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Lights, camera, sexism — the glorification of abuse in Bollywood films

The tragic story of Bollywood is playing out in front of a population that’s redefining what love is
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ANUSHKA SAINI/THE VARSITY
ANUSHKA SAINI/THE VARSITY

Content warning: This article discusses sexual harrassment, sexual violence, and rape.

The link between Bollywood and love stories has shaped the very definition of love for the vast population of India. To film viewers, love is no longer a meaningless noun the way it was back in fourth grade English — instead, it is visible and can be measured by characters’ actions.

The criminality of Bollywood love

In its utmost Bollywood glory, love is when you run halfway around the world through rain, sleet, and snow for a final chance at winning over the person of your dreams. It’s also when you stalk a girl without a care in the world to get her to notice you; it’s when you slap someone in a fit of rage and harass them constantly. Somewhere in those scenes, I crossed a line, didn’t I? 

That line, however, is rather nonexistent in a majority of Bollywood love stories, which sometimes portray messed-up actions under the garb of undying love. Problematic actions like stalking and abuse are not only portrayed but also glorified by the characters in such films. Additionally, most actors who portray these characters have a positive reputation with their fans. This is problematic, given George Gerbner’s advancement of ‘cultivation theory,’ which suggests that actors’ on-screen actions mould the moral values of their fans.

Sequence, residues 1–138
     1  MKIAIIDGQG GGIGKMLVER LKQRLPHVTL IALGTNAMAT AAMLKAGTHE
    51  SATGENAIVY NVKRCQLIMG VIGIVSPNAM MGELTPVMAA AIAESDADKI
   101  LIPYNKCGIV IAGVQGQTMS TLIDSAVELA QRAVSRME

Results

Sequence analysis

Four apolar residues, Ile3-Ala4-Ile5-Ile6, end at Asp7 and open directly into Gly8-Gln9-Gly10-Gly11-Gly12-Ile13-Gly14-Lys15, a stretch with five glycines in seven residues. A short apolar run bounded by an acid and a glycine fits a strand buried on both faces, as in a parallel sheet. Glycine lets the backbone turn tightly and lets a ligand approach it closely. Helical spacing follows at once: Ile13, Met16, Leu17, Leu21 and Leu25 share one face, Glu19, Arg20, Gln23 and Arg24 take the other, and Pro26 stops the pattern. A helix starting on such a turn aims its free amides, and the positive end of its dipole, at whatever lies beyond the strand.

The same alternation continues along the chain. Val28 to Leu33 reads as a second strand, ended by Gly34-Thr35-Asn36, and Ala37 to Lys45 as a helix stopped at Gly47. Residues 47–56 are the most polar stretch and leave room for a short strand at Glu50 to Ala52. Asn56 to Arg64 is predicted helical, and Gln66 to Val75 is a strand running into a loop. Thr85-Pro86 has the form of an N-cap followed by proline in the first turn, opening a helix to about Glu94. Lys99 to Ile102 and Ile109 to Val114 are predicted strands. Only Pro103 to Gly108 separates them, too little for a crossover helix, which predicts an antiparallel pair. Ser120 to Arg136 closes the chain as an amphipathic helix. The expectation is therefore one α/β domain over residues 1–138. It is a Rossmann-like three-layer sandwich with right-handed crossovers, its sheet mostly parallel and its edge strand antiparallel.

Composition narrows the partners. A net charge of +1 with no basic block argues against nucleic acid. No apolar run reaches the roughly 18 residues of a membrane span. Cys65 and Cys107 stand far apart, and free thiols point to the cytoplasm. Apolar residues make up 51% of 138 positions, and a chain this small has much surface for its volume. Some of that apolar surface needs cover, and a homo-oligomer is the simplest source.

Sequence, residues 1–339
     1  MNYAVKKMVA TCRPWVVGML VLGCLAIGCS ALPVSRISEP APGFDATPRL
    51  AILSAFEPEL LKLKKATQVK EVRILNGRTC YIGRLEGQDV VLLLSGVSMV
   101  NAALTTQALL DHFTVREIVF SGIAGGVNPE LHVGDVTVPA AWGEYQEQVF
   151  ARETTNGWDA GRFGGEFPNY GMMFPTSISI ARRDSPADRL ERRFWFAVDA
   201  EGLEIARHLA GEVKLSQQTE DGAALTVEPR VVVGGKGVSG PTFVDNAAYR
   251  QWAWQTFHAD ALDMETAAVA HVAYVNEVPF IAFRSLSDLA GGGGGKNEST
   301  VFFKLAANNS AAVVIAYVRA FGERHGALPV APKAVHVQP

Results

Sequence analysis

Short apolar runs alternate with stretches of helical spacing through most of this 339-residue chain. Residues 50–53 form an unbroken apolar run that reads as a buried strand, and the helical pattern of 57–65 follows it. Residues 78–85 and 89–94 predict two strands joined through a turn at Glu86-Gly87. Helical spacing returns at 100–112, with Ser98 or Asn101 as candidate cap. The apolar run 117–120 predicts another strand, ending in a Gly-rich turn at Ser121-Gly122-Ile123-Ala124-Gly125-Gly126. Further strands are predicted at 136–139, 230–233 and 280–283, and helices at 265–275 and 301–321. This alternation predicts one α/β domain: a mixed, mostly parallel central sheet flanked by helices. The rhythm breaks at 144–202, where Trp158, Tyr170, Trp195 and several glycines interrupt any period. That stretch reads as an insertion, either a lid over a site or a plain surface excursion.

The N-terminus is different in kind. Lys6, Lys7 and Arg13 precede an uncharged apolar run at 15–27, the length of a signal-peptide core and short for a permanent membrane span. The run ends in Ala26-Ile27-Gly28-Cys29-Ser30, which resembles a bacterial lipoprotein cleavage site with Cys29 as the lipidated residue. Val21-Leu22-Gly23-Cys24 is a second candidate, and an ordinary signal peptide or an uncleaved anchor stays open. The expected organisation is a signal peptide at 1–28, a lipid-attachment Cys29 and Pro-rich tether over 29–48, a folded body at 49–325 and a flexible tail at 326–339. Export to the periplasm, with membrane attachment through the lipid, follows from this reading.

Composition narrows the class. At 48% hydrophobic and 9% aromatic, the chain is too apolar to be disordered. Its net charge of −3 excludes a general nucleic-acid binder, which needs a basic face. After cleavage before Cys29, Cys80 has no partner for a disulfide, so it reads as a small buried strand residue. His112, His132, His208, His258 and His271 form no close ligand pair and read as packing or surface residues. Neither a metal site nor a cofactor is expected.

This alarming situation is reminiscent of the concern among parents that rappers promoting guns and drugs would lead to their children being attracted to drug use and criminal activities. However, in India, instead of guns, the weapon being glamourized is sexual harassment, an offence which is being acted out by bona fide film stars. This promotes a largely dramatized definition of love, which is adopted by a majority of the population; a definition that often dips into criminal territory. 

Bollywood films constantly depict different forms of harassment as exhibitions of innocent love by the protagonist. The unfortunate result is a population of men — who are devoid of formal sexual education, given that the first sexual education program in Indian schools was only introduced in 2018 — who consider this problematic behaviour as a proven path to win a woman’s affection.

Another troubling part of these movies is their tendency to portray a woman as an object that male protagonists work to obtain. Through actions such as stalking and harassment, women characters are painted through the thick brushstrokes of the male gaze as people who will inevitably give in to men’s advances. 

The magnitude of the gesture of love displayed by the protagonist is directly proportional to the probability that a girl will accept his advances. Such depictions make a mockery of the concept of consent.